Social Security will probably end up being a pretty important income source for you once you leave the workforce and the paycheck you’ve collected for years goes away. You’re allowed to file for Social Security as soon as you turn 62, though you’re not entitled to your full monthly benefit based on your work history until several years later. As such, if you’re newly eligible for Social Security, here are three important moves to make.
1. See what your estimated monthly benefit looks like
Filing for Social Security at 62 will leave you with a reduced benefit for life. Depending on your circumstances, claiming benefits at 62 could make sense, but before you decide whether to go that route or not, you’ll need to know what your monthly benefit actually looks like. And your annual earnings statement will tell you that.
Each year, the Social Security Administration (SSA) issues workers an earnings statement summarizing their taxable wages for the year. That statement also includes an estimate of benefits at full retirement age.
You can access that statement online by creating an account on the SSA’s website, or look for a copy you may have received in the mail. Once you see what benefit you’re entitled to, you’ll be in a better position to decide whether you can afford to reduce it or not.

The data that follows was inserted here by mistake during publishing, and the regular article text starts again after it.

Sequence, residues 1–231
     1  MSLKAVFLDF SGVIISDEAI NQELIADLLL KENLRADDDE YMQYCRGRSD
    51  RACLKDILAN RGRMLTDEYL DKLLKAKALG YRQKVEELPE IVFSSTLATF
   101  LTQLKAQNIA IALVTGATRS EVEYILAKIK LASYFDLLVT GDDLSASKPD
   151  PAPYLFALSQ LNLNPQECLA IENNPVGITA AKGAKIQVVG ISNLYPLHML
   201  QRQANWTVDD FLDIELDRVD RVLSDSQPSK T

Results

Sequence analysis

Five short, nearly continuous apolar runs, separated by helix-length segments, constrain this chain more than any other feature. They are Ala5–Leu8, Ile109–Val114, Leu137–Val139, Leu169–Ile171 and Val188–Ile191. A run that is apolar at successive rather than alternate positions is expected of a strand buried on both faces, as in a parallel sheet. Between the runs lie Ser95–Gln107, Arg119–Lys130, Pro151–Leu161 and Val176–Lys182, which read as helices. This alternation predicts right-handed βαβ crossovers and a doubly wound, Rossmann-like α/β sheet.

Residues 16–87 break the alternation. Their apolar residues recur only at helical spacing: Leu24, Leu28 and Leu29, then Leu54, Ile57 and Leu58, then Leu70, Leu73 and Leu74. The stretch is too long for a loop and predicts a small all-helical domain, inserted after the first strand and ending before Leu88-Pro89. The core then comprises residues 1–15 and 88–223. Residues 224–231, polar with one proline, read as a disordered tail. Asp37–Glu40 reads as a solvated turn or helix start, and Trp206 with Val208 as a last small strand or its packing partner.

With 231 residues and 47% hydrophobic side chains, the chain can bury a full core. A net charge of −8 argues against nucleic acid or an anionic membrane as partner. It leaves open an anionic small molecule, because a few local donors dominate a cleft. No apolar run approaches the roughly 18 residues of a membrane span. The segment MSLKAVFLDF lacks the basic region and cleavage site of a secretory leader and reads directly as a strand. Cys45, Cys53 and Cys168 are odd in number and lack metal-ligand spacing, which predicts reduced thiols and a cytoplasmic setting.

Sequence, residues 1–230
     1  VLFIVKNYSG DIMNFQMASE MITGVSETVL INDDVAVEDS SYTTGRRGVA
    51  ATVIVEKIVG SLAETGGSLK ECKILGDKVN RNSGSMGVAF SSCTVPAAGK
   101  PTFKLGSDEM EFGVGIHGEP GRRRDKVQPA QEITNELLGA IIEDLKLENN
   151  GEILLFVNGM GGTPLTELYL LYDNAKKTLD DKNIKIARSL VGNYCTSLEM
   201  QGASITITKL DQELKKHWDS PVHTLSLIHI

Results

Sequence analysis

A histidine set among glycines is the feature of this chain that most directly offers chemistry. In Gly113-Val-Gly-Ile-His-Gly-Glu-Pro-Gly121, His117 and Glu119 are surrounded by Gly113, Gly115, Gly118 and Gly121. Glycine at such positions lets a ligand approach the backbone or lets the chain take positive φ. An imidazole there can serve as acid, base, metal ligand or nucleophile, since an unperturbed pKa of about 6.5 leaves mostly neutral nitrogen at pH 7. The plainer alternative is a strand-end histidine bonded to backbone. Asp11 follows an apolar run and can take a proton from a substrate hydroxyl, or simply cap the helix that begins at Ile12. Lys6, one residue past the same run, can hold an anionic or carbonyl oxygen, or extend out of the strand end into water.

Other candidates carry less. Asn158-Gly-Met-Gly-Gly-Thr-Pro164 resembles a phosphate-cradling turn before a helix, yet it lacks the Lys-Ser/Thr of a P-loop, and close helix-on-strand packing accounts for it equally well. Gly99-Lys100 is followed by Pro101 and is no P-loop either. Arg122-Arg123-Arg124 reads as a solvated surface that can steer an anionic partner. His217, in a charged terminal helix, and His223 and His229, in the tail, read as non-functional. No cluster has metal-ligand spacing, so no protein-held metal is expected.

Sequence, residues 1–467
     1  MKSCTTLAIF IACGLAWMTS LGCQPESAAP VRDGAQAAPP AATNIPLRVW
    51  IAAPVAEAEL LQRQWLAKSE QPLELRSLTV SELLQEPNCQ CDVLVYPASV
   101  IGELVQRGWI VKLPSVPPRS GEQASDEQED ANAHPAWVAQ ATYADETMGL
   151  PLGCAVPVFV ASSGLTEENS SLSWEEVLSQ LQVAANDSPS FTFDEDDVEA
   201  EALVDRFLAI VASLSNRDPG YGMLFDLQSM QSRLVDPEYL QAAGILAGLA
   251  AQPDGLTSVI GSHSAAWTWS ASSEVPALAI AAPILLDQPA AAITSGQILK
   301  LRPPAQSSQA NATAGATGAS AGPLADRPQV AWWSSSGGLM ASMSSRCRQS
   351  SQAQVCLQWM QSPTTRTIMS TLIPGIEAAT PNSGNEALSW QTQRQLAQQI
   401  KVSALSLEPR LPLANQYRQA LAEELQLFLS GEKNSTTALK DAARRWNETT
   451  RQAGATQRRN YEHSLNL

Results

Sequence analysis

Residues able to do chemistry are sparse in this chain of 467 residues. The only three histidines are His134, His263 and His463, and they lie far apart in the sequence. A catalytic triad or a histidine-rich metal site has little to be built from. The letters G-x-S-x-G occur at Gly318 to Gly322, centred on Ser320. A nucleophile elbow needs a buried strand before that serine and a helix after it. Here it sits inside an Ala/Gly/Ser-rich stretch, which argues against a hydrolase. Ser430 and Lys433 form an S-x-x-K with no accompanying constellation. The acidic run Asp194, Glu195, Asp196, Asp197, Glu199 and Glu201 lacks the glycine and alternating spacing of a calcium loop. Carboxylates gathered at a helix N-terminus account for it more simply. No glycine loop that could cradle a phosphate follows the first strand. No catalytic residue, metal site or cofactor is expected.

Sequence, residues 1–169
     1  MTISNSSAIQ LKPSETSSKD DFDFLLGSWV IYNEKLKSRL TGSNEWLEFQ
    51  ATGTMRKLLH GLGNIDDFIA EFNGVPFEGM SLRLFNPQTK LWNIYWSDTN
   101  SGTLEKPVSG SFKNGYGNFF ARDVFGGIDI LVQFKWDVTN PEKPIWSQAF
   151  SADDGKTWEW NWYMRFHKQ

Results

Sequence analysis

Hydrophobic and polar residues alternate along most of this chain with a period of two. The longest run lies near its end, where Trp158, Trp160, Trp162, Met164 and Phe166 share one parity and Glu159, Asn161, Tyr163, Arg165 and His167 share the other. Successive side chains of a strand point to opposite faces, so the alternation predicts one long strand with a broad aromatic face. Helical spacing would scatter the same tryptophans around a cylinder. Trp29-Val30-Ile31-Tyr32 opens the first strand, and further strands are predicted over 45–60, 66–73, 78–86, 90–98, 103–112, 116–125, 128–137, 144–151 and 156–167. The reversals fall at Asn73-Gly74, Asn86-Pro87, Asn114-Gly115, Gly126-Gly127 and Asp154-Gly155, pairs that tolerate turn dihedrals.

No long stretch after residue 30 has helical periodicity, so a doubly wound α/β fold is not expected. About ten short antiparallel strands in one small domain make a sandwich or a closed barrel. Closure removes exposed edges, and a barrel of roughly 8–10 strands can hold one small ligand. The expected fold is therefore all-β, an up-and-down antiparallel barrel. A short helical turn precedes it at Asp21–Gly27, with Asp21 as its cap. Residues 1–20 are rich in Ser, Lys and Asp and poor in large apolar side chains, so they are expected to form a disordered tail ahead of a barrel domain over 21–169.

2. Figure out how much income your savings will give you
Social Security should not be your sole source of income during retirement. Rather, you should ideally have savings to live on, as well. But if your savings aren’t robust, you may need to lean more heavily on Social Security to cover your bills, so before you decide whether to file as soon as you’re eligible or wait, you’ll need to assess your nest egg and see how much annual income it’s likely to provide.
As a general rule, plan to withdraw about 2% to 4% of your savings balance each year. You can, and should, adjust that withdrawal rate based on your needs and finances, but you can work with this range as a starting point. If you’re sitting on a $400,000 retirement plan balance, sticking to that range will give you $8,000 to $16,000 a year in income outside of Social Security. From there, you can estimate your living expenses and see if you should file for Social Security at 62 or hold off and grow your benefits instead.
3. Talk to your spouse
The Social Security decisions you make could impact your spouse. For example, if you’re much older than your spouse and expect to pass away much sooner, know that the higher a monthly benefit you lock in, the higher your spouse’s survivor benefit will be. You should also coordinate your filing with your spouse if they are entitled to a monthly retirement benefit based on their work record, as it could make sense for one of you to claim Social Security early while the other waits.
Reaching the age of 62 means you’re entitled to collect Social Security — but that doesn’t necessarily mean you should. Weigh your options before rushing to sign up so you don’t regret your decision after the fact.